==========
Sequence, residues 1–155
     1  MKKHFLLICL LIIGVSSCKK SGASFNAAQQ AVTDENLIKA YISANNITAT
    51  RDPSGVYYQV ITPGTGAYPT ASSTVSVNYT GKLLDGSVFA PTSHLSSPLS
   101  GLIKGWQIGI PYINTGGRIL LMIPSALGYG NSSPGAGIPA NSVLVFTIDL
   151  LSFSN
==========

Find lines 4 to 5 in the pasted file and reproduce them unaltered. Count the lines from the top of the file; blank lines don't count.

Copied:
   101  GLIKGWQIGI PYINTGGRIL LMIPSALGYG NSSPGAGIPA NSVLVFTIDL
   151  LSFSN